In areas across Britain horse ambulances continued in daily use until the year following the First World War. They would be called out for a multitude of ailments including highly infectious diseases such as scarlet fever or diphtheria. Not only of fatal potential but capable of spreading like wild fire, these diseases were particularly threatening because of the overcrowding in factories and mills and the cramped and unventilated living conditions that the workers commonly inhabited.
In his position as a clerk and rent collector for the Pall Mall Property Company, Lowry called on tenants in some of the poorer districts of Manchester and would have encountered horse ambulances fairly frequently. This remnant of a pre-war urban life would have captured his imagination. Although dated 1941, the painting harks back to an earlier period, without motor cars, a nostalgic past of Lowry's imagining.
Lowry was also drawn to dramatic incidents. He said: 'Accidents interest me - I have a very queer mind you know. What fascinates me is the people they attract. The patterns those people form, an atmosphere of tension when something's happened ... Where there's a quarrel there's always a crowd ... It's a great draw, A quarrel or A body' (see exhibition catalogue, L.S. Lowry, London, Barbican Art Gallery, 1988, p. 53). Paintings such as Fever Van (Walker Art Gallery, Liverpool), A Fight (The Lowry, Salford), The Hawker's Cart (Royal Scottish Academy, Edinburgh), and The Arrest (Castle Museum and Art Gallery, Nottingham), all focus on a small crowd caught by the artist in a dramatic moment. Lowry's characters often take on the role of observers or onlookers unprepared to step in and assist each other, reinforcing the anonymity of the existence of people living in a large industrial city, where individuals are at the mercy of forces beyond their own control.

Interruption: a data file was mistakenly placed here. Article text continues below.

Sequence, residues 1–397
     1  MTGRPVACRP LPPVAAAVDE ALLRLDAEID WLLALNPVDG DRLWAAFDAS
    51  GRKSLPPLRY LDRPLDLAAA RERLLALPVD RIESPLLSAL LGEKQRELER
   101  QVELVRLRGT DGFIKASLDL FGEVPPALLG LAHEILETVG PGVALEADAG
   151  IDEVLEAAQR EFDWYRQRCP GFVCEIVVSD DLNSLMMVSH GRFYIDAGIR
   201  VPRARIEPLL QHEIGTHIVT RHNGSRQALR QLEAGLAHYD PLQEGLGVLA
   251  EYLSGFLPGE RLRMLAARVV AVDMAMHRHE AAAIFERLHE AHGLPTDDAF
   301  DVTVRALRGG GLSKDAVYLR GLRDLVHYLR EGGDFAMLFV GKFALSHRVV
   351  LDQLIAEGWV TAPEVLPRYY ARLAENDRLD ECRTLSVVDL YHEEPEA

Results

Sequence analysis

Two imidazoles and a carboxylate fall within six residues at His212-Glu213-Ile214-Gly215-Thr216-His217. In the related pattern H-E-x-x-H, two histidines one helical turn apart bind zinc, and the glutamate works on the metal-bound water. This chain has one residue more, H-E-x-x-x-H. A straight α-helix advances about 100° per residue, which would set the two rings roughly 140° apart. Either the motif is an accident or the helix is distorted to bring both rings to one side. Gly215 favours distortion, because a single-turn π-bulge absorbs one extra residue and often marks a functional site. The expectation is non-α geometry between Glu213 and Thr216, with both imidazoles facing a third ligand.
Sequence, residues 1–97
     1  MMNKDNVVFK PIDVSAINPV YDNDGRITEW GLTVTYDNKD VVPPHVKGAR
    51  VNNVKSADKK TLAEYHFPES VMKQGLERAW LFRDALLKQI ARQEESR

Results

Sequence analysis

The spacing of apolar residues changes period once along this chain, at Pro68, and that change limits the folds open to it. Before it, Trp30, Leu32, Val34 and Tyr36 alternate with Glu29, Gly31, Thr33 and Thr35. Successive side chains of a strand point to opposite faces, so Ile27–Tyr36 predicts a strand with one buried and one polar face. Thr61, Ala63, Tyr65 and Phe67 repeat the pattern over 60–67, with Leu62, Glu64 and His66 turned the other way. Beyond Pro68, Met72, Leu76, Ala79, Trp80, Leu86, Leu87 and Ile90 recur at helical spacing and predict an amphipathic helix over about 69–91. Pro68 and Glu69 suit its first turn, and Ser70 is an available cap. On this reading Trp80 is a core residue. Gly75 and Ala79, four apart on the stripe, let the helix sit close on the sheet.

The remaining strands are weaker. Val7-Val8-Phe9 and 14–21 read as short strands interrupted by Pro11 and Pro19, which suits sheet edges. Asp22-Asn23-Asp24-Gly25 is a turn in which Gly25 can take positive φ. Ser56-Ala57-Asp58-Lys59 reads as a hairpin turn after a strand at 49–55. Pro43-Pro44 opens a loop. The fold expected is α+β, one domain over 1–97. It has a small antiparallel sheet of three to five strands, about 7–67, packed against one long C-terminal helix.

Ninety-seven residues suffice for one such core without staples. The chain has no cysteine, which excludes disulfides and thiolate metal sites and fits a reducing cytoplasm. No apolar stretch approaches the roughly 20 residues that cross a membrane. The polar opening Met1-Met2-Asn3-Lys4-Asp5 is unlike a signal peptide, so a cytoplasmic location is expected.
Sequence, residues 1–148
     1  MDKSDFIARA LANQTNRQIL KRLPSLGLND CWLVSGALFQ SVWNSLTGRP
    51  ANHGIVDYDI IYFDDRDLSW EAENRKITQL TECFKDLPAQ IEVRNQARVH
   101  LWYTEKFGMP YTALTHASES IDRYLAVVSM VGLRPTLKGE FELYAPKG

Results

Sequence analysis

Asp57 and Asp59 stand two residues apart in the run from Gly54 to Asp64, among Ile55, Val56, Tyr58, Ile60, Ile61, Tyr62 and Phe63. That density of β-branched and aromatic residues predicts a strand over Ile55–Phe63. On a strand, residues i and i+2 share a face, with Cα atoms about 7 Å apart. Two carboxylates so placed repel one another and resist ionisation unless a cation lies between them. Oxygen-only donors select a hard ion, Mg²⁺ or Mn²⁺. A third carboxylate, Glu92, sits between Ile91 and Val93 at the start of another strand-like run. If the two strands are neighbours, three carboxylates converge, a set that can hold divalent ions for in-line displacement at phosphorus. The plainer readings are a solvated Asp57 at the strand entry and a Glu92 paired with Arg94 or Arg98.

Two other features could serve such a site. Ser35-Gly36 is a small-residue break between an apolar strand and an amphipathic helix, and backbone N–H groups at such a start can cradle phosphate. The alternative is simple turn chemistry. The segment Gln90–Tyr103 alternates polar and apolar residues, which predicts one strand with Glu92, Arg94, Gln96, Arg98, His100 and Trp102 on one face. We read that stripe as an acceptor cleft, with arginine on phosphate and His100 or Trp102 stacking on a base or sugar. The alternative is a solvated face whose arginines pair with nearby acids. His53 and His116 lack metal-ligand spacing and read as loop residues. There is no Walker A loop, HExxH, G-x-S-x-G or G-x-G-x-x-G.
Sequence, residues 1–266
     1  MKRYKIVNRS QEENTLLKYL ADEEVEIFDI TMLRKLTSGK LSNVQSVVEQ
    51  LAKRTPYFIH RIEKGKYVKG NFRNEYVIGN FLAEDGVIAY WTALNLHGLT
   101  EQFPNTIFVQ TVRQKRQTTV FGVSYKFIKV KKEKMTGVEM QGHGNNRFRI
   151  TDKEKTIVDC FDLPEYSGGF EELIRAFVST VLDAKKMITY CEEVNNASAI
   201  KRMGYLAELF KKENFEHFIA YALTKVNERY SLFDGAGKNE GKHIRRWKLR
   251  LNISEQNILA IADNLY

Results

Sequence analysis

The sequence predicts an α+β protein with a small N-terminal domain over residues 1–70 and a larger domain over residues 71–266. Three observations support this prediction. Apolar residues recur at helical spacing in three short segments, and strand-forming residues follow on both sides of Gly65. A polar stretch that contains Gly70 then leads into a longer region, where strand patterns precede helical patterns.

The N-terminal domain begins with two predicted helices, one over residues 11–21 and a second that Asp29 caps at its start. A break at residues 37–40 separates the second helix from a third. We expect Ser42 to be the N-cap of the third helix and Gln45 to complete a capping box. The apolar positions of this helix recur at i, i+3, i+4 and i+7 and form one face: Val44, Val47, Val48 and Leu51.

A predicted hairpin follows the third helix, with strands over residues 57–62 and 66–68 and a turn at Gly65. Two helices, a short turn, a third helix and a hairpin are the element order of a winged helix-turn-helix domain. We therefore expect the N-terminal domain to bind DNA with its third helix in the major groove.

In the current painting the spectacle itself is not actually depicted, although the densely packed crowd of people hovering around the end of terrace, to the left of the composition, indicates its position. As one moves outwards from this point towards the foreground the figures become more dispersed. This masterly distribution of the onlookers is set against one of Lowry's iconic industrial landscapes, with church spires, terraced houses and factory chimneys billowing smoke. The resulting composition is an iconic painting within the artist's oeuvre which has not been offered at auction for nearly forty five years and which has not been publicly exhibited since 1944, shortly after it was painted.